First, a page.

Academic journal article Vanderbilt Law Review

Small Claim Mass Fraud Actions: A Proposal for Aggregate Litigation under RICO

Academic journal article Vanderbilt Law Review

Small Claim Mass Fraud Actions: A Proposal for Aggregate Litigation under RICO

Article excerpt


Assume that, tomorrow, a large company advertises a "miracle pill" that it claims will cure all forms of cancer. The company uses a sophisticated national marketing campaign to convey a strong health assurance message, which it tailors to specific audiences: women with breast cancer, men with prostate cancer, older adults with intestinal cancer, and children with leukemia. In response to the national campaign, consumers across the country purchase the pill, which costs $10. Only then do consumers discover that the pill is worthless and that the company intentionally defrauded them.

The Racketeer Influenced and Corrupt Organizations ("RICO") statute provides a basis for prosecution of the hypothetical company. In essence, RICO prohibits securing control of an economic enterprise through a pattern of racketeering.1 RICO defines "racketeering activity" to include mail and wire fraud;2 thus, it would encompass the hypothetical miracle pill fraud perpetrated through a national advertising campaign. RICO's central statutory objective is to deter the unlawful racketeering conduct it proscribes, and to support this objective, the statute authorizes dual enforcement: in addition to providing for public prosecution under § 1964(a), the statute authorizes private lawsuits by the injured consumers under § 1964(c).

The decision in U.S. v. Phillip Morris U.S.A., Inc.,3 however, has significantly weakened public prosecution under RICO of the hypothetical miracle pill company. In Phillip Morris, the United States Court of Appeals for the District of Columbia held that the government may not seek the disgorgement of a RICO defendant's illegitimate profits, including profits acquired by defrauding consumers.4 Other federal courts have adopted rules similar to Phillip Morris U.S.A.5 Without the disgorgement remedy, the government in a civil RICO case can request only limited equitable relief under § 1964(a).6 Thus, private enforcement under § 1964(c)-which is not restricted to prospective relief-is the more effective vehicle to vindicate the statute's deterrence objective. Only under § 1964(c) will perpetrators of mass fraud, such as the company that marketed the miracle pill, face a real threat of litigation commensurate with their harmful behavior.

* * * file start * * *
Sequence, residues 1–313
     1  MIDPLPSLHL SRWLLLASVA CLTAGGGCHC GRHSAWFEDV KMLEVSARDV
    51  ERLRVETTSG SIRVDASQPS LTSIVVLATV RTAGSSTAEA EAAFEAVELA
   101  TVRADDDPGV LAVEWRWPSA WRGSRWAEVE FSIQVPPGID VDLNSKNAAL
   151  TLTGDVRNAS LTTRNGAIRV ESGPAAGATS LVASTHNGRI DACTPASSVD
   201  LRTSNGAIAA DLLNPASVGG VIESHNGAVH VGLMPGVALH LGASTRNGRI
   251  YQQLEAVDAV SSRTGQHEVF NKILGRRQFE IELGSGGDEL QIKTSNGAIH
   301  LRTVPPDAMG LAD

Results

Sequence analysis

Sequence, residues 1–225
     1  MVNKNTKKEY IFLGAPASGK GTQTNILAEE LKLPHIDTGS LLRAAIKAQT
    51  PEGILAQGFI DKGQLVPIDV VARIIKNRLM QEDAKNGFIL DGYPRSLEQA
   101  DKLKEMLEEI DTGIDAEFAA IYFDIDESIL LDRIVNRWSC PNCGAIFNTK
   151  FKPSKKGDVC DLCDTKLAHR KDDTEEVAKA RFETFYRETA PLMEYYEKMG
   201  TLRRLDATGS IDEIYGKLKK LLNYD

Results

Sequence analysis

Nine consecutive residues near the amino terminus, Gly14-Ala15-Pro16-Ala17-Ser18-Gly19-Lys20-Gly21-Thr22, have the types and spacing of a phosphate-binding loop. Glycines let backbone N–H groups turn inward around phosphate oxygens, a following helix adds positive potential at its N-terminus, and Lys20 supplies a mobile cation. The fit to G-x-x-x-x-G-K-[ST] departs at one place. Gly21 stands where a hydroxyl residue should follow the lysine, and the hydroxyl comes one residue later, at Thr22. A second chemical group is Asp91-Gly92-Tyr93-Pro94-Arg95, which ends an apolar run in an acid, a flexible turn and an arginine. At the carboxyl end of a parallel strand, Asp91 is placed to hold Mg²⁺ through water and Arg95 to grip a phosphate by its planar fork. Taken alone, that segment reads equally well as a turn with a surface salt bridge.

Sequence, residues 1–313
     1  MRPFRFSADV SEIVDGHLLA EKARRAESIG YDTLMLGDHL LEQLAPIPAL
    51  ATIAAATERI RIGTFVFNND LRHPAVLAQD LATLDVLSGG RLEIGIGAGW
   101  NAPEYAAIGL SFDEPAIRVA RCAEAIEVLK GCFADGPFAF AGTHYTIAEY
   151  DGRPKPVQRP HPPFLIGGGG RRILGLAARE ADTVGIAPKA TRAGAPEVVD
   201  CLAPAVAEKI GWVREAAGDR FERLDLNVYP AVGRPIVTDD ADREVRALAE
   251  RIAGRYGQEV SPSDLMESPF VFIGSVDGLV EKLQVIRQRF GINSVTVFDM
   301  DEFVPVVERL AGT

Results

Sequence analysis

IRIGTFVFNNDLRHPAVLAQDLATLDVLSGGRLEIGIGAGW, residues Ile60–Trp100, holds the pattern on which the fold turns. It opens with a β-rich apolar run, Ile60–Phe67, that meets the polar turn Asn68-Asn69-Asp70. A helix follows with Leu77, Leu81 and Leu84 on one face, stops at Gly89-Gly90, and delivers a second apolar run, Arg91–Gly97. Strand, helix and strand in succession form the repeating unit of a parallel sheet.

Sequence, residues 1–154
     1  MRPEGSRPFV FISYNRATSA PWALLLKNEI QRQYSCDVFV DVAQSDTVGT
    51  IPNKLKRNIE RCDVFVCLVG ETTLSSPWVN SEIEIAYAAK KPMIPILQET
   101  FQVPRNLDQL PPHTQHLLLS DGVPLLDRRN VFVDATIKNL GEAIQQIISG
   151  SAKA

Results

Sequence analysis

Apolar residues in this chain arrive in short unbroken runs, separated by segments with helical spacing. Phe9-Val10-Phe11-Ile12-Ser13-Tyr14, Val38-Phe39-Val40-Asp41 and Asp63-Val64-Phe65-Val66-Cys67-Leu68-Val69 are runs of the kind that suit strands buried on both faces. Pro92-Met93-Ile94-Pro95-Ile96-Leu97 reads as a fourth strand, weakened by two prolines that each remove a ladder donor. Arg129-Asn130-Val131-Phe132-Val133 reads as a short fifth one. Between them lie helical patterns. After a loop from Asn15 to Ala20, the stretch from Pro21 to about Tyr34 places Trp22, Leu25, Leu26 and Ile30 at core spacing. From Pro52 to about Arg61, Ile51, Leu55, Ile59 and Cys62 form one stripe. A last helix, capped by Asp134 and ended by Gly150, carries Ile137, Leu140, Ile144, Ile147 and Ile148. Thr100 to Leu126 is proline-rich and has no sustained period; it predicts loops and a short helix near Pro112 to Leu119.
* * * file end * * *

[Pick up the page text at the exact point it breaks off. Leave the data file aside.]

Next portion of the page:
Economic considerations, however, currently cripple private enforcement of the type of fraud illustrated in the miracle pill hypothetical. The hypothetical presents "small claim mass fraud": mass fraud that results in injuries where "the claim of any individual class member for harm done is too small to provide any rational justification to the individual for incurring the costs of litigation."7 For example, the miracle pill campaign harmed millions of consumers. But each claimant lost only $10. With a potential recovery of only $10, no individual has incentive to seek redress in the legal system. Even if a claimant purchased multiple pills over a given time period, litigating a case against a large company that has defrauded millions of consumers requires a substantial investment, one that completely eclipses a paltry individual recovery of $10. Accordingly, no rational consumer will seek to vindicate his individual claim against the miracle pill company.

However, where the uniformity of the defendant's conduct defines the contours of the lawsuit, and where an individual's stake in the case is too low to make private enforcement viable, claim aggregation by way of a class action under Federal Rule of Civil Procedure 23 ("Rule 23") offers an efficient mechanism to facilitate private enforcement. While an individual's $10 miracle pill claim is unmarketable, combining it with the claims of similarly defrauded miracle pill consumers can make a suit sufficiently attractive for entrepreneurial attorneys to justify the investment necessary to pursue the claims in court.

Despite the practical reality that these small claims will be pursued only in the aggregate, courts repeatedly have rejected class certification of small claim mass fraud actions brought under RICO. …

Search by... Author
Show... All Results Primary Sources Peer-reviewed


An unknown error has occurred. Please click the button below to reload the page. If the problem persists, please try again in a little while.